Tuesday, May 31, 2005
This is a split screen image of Yerkes Observatory in the visual and near-infrared. I moved the camera in between images and wasn't planning in advance, but the comparison still works. You can see the pine tree turns white, the blue sky turns very dark, and the tones of the brickwork and dome sheeting subtly change.
Automobile windows, we are all taught, are wonderful examples of the greenhouse effect. Visible light streams in, is absorbed by the car's interior, and converted to heat. The thermal infrared light is then reradiated by the interior but unable to escape the glass, and the car heats up.
Manufacturers are well aware of this fact, and today's cars have a higher glass to surface ratio than older ones. Given this, why aren't we melting the plastics in the car?
We could tint the windows, to reduce the total light into the car, but this is dangerous at night, and is completely impractical for the windshield.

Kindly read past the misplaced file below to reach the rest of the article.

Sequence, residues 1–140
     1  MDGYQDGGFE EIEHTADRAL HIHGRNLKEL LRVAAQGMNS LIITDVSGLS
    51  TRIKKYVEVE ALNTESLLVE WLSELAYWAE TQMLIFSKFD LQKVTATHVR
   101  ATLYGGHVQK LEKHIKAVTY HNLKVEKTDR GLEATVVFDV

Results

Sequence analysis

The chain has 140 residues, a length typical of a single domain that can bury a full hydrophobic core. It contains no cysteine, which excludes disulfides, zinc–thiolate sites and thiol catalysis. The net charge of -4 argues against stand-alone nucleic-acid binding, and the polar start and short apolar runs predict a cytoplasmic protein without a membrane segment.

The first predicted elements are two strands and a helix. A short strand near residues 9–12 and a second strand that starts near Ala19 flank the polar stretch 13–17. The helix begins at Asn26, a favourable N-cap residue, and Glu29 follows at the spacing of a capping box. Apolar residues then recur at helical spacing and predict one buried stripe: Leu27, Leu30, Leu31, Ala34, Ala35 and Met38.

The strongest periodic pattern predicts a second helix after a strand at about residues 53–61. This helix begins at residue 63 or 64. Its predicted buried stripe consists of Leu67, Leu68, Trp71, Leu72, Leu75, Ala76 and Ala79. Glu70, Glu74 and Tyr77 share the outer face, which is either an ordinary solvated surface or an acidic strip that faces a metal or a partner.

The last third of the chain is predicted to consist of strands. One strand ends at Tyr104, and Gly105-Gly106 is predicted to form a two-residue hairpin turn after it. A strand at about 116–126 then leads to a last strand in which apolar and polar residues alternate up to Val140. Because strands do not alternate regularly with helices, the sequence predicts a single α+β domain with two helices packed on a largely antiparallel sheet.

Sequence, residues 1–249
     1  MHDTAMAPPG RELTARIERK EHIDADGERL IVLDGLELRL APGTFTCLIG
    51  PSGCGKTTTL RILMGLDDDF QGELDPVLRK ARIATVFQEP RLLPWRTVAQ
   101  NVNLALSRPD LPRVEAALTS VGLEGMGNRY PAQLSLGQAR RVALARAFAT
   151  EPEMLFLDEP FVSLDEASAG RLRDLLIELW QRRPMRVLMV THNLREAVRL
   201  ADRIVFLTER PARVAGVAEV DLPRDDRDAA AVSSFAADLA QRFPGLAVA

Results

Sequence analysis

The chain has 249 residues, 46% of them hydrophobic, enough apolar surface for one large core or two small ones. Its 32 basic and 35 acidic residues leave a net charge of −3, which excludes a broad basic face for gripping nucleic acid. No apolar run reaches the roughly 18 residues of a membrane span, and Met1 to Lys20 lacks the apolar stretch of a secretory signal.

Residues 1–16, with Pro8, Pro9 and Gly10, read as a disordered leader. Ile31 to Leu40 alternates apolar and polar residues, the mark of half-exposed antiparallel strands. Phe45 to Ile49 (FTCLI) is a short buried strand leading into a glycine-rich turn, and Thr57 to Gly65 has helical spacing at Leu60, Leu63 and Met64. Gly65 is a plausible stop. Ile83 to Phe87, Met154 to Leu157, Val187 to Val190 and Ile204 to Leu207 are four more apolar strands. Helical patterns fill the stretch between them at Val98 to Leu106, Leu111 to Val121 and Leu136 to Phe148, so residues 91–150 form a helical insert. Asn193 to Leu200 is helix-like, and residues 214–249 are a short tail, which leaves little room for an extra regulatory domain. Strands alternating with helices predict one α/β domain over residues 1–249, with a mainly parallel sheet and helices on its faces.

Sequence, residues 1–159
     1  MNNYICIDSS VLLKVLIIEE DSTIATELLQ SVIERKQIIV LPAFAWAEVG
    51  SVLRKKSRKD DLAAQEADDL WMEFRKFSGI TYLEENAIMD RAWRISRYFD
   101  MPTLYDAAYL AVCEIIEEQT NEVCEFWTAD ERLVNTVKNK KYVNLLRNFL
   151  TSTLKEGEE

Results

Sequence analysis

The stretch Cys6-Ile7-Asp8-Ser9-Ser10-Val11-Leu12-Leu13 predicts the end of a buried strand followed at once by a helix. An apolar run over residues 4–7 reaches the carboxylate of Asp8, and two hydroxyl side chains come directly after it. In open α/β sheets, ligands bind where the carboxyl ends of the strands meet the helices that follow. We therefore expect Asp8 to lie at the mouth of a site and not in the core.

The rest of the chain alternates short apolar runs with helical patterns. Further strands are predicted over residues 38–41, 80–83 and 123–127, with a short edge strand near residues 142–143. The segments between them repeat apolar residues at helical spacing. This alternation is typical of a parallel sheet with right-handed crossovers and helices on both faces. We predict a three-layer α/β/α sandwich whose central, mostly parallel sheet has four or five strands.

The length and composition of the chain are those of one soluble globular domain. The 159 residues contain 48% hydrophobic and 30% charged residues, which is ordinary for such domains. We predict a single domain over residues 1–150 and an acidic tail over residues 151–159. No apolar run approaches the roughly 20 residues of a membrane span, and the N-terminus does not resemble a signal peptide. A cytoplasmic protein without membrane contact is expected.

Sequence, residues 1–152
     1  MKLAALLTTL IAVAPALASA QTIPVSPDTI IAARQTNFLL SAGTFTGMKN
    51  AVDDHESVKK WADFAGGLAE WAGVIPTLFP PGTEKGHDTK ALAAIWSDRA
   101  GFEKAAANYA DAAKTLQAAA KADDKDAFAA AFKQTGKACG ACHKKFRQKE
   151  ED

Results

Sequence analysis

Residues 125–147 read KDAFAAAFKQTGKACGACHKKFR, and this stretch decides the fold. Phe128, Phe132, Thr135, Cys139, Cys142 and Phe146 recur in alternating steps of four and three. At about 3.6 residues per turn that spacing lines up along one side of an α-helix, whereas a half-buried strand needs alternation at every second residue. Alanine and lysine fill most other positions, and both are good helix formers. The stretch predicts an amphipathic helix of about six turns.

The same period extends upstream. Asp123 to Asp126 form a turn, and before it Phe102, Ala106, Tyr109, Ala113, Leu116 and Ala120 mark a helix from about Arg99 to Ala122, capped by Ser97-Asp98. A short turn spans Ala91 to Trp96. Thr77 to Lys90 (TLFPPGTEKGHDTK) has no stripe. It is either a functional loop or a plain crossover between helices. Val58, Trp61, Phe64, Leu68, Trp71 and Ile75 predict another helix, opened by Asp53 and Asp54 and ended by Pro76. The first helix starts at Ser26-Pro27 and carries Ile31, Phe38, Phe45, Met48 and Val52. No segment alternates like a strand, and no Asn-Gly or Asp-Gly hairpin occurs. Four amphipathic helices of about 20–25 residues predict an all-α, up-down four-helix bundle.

The answer is in the glass itself. Automotive glass contains a special additive to absorb near-infrared light. NIR is worthless to human vision, but can contribute significantly to the heat load of a car. (I can't remember the reference, but I've read it can be 50%).
Here is an image of a car that visually had no tinted windows; indeed, no one can opaque their windshield legally:
A spectral graph of a glass like that is here. (Link used to go to a nice graph but it's missing).
You can see that American currency has some sort of blank stripe code on the back of the new bills: http://www.lib.uchicago.edu/~dean/infrared/slides/IMG_4784.html.
I saw this at here; and then a simple search shows that it is no secret but a great anti-counterfeiting technique: http://www.accubanker.com/support/irmappings.phtml
These need a separate post.
P.S. Here's an image of a Linne statue with a false-color mapping.
My infrared gallery
Bushes in the near-IR